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FBI Takes Control of Hacker Group Suspected of Targeting NPS

While it has yet to confirm Hive was the group that attacked Norman Public Schools' network in November 2022, the FBI has gained control of the group's operations and said they've targeted over 1,500 victims worldwide.

FBI (2)
(TNS) — The FBI has assumed control of operations run by a group of hackers that took credit for the ransomware attack of Norman Public Schools.

The group, known as Hive, has extorted more than $100 million from hospitals schools and other organizations, according to multiple reports.

Ransomware is a type of malicious software that threatens to publish or blocks access to data or a computer system, usually by encrypting it, until the victim pays a ransom fee to the attacker.

In November, a representative of the malware organization contacted several media outlets by email and wrote: "Our organisation [sic] has breached and downloaded from Norman Public Schools network most important information with a total size over 311 GB."

Files downloaded, according to the email obtained by The Transcript, included contracts, nondisclosure agreements and other agreements; documents; private company information, including budgets, plans, evaluations, and school building floor and wire blueprints; employee information, including social security numbers, emails, addresses, phone numbers, photos, insurances information, payments; and student information, including social security numbers, emails, addresses, phone numbers, photos, insurance information, and payments.

Reached Friday, The FBI would not confirm Hive is the organization behind the NPS breach.

A school district spokesperson, however, said the district has been working in cooperation with the FBI to hold those involved accountable.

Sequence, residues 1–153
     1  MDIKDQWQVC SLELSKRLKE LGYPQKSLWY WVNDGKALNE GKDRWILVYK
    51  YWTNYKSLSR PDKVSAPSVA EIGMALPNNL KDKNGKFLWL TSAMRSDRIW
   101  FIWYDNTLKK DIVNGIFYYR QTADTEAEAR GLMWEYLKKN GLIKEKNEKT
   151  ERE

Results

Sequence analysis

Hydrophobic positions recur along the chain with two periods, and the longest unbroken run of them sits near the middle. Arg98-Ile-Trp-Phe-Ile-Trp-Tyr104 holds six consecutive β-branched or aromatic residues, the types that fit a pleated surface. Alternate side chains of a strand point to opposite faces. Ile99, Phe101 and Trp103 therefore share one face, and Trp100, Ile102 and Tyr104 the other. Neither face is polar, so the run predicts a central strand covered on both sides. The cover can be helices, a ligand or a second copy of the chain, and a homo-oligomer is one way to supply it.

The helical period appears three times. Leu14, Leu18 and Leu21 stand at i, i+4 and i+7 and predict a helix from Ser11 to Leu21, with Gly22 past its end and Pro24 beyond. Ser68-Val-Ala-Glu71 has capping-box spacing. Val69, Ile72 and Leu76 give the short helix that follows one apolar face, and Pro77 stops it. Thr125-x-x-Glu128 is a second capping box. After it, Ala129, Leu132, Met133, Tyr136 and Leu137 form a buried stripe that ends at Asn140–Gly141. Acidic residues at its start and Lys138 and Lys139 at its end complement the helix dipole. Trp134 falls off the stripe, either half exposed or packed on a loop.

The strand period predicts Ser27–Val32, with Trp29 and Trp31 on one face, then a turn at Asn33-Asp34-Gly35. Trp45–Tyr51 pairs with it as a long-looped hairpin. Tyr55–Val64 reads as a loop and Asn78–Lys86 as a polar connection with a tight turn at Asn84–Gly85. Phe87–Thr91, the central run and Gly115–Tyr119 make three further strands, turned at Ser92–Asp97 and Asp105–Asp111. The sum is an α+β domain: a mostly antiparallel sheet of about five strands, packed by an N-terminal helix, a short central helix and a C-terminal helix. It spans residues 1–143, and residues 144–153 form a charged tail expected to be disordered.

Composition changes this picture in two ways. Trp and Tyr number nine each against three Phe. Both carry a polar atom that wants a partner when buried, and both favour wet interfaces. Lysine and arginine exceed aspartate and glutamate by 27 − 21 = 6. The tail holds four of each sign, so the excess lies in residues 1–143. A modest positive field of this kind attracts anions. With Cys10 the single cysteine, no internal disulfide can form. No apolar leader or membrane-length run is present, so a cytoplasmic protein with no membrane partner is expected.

"We cooperated fully with the FBI during the investigation following the November 2022 malicious ransomware attack against Norman Public Schools," Chelsey Kraft said in a statement. "From the beginning, we assumed we were part of a much larger ransomware scheme targeting many others because that is the way cyber criminals operate."

NPS did not confirm whether Hive was behind the attack.

"The FBI has made no contact with us regarding this development and as a result, we have no updates," Kraft said. "We applaud the FBI's efforts to pursue these criminals and think groups like these should be prosecuted to the full extent of the law."

The FBI released an affidavit, which details the strategies Hive used to penetrate schools, hospitals and other organizations. It said that it has targeted more than 1,500 victims around the world.

Hive uses a subscription-based software model where developers or administrators create an easy-to-use interface so those recruited can hack into different organizations.

"Affiliates identify targets and deploy this readymade malicious software to attack victims and then earn a percentage of each successful ransom payment," the bureau reported in the affidavit.

After victims pay Hive hackers, the ransom is split 80-20 between Hive and its workers doing the hacking, the bureau reported.

NPS first reported a "malicious ransomware attack" Nov. 4 and warned families to discontinue using district-issued laptop computers and other devices.

The attack disabled a majority of school district operating systems, including Infinite Campus, Canvas and Seesaw, for about eight days.

Last month, NPS told families the personal information of certain staff and students was compromised by an unauthorized "actor" who gained access to some computer systems.

©2023 The Norman Transcript (Norman, Okla.). Distributed by Tribune Content Agency, LLC.